Stop Comparing Your Child To Others


Many parents compare their children to other kids. This can be done in many different ways. Some parents compare the achievements of their child to that of another child, others may just talk about how much smarter or more athletic one kid is than another. Comparing your child to others can have negative effects on both you and your family. If you are comparing, it can demonstrate that you are not happy with what your child has accomplished and is capable of. It could make them feel like they will never live up to the expectations of their parents. It can seem like they always seem fall short each time they try something new.

It’s so easy to compare our children to other children. We want them to be the best at everything. But this is a mistake – comparing your child can lead to feelings of inadequacy and disappointment.

Comparisons are rarely beneficial. Those of us who have experienced comparisons during childhood know too well how much damage it can make. Being compared to others when you are growing up can contribute to a mindset in which you are never good enough. There will always be someone who is better at one thing or another. Everyone hits developmental milestones at their own pace and in their own way.

Additionally, when a parent compares their child against another individual, they can never see their child’s true personality. The child only exists in the areas you use for comparison purposes. It’s unhealthy, damaging to their self esteem, and more often than not, useless. Here’s what to do when you find yourself comparing:

What if other children are already independent?

Every parent worries that their child may not develop at a normal pace. The truth is that young children, and especially toddlers, can learn different skills based on their experience and needs. For instance, if you are concerned that your children lack independence, the answer could be in your parenting approach. Indeed, independence isn’t an innate skill. It is a behavior you need to nurture in little ones.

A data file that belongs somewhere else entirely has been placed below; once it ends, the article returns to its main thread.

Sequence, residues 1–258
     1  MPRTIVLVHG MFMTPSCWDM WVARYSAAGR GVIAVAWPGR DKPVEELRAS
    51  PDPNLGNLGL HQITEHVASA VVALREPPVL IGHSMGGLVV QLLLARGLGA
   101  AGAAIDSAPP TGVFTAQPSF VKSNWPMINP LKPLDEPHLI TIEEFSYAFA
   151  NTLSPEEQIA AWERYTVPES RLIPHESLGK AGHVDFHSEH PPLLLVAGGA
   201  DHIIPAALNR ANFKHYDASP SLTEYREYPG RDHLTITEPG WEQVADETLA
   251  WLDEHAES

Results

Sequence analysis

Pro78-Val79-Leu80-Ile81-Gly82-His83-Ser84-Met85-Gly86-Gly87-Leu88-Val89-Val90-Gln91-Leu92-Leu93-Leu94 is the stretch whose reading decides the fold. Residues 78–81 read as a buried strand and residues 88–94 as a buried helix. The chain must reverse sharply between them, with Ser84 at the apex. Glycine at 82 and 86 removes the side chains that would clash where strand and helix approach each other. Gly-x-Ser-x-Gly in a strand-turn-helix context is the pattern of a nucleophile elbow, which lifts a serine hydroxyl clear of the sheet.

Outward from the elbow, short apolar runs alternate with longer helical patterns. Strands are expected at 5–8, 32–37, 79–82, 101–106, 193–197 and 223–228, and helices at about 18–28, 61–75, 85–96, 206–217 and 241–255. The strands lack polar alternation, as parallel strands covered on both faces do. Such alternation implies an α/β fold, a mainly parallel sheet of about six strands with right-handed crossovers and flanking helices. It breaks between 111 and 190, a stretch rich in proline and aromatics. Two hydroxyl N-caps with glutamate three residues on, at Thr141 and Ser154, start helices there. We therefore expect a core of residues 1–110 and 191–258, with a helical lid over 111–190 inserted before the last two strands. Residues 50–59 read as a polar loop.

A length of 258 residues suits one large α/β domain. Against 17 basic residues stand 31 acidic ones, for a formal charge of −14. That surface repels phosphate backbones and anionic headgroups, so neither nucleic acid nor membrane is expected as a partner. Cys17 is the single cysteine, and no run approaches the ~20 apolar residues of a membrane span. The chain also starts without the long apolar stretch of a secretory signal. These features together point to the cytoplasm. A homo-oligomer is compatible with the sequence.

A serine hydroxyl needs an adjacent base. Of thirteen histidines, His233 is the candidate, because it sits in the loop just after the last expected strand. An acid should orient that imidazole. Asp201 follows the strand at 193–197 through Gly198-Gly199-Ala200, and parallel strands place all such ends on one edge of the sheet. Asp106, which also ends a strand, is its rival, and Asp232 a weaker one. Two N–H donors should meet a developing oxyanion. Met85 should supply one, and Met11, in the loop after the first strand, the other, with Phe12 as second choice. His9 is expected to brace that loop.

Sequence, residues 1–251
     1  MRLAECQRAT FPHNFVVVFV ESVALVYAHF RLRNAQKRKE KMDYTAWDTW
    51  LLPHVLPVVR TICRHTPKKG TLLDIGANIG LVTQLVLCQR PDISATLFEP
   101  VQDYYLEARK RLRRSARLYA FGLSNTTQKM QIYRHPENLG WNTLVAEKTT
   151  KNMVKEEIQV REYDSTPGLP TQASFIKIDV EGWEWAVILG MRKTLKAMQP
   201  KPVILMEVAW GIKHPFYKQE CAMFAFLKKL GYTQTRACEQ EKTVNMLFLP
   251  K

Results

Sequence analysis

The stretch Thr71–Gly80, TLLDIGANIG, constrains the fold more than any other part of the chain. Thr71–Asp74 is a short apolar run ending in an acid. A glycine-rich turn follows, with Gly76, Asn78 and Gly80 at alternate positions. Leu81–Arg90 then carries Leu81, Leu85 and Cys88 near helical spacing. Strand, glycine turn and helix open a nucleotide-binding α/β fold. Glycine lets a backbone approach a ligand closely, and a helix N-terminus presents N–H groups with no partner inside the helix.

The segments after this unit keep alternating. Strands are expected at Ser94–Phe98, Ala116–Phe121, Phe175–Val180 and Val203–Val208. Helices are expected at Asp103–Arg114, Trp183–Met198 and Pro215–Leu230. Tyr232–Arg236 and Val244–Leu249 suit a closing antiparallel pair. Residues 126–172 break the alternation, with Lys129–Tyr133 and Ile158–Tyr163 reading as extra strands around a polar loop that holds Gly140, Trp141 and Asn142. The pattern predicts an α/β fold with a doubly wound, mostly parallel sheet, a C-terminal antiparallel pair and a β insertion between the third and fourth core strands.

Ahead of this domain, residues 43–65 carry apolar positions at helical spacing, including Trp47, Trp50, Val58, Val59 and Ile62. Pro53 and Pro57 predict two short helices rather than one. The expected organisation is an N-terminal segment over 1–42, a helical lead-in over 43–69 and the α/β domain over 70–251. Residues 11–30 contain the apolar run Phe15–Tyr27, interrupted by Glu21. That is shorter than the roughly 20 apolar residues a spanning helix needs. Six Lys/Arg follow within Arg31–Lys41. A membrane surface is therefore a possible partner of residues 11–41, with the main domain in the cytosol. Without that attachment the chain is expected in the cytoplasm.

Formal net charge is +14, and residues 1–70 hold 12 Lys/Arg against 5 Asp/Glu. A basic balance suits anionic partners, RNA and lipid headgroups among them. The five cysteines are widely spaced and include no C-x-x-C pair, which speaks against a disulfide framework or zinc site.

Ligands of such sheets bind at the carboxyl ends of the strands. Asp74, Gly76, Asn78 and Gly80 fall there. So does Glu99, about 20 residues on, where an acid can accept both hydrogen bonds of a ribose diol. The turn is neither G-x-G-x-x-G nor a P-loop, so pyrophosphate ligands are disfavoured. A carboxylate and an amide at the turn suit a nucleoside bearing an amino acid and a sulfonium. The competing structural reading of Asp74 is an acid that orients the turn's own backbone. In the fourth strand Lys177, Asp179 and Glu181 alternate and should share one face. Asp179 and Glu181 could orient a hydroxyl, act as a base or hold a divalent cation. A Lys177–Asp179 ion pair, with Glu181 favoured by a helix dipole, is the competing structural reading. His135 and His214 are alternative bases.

Nurturing independence requires a lot of patience and guidance. Most toddlers crave independence from a young age. Allowing them to discover their abilities and do things alone builds confidence. It shows them you trust them with the situation, so they gradually develop self-dependence. 

Comparing kids at a certain age across different areas like whether they’re potty trained or whether they’ll clean up after themselves can see parents start to become jealous of another family’s child. Children develop independence and social skills at different paces – instead of constantly comparing kids, parents would be better served using that time and effort to help their own child grow.

What if I am worried my child is “different”?

What does it mean to be different? When they are in kindergarten age, most children will mix with peers and learn new skills with a teacher. It’s important to understand that the typical school isn’t designed to address individual needs. For instance, if your child is dyslexic, they might find it hard to read and write. Unfortunately, traditional schools fail to support children with unique needs. However, specialist institutions such as dyslexia schools help nurture children’s skills and interests, encouraging them to be successful in their education. It’s worth mentioning that dyslexia doesn’t stop individuals from reaching their goals. Einstein was famously dyslexic, and his teachers believed he wouldn’t achieve anything. History proved them wrong. The lesson? A different learning pace is no indication of self-worth. 

If you are concerned about your child’s development, have them diagnosed by a pediatrician or psychologist. The results will help you understand their needs and how best to support your kid in the future. There are many learning methods that work for children with different abilities; make sure you find one that fits your child’s profile.

What if my child doesn’t do as well as others academically?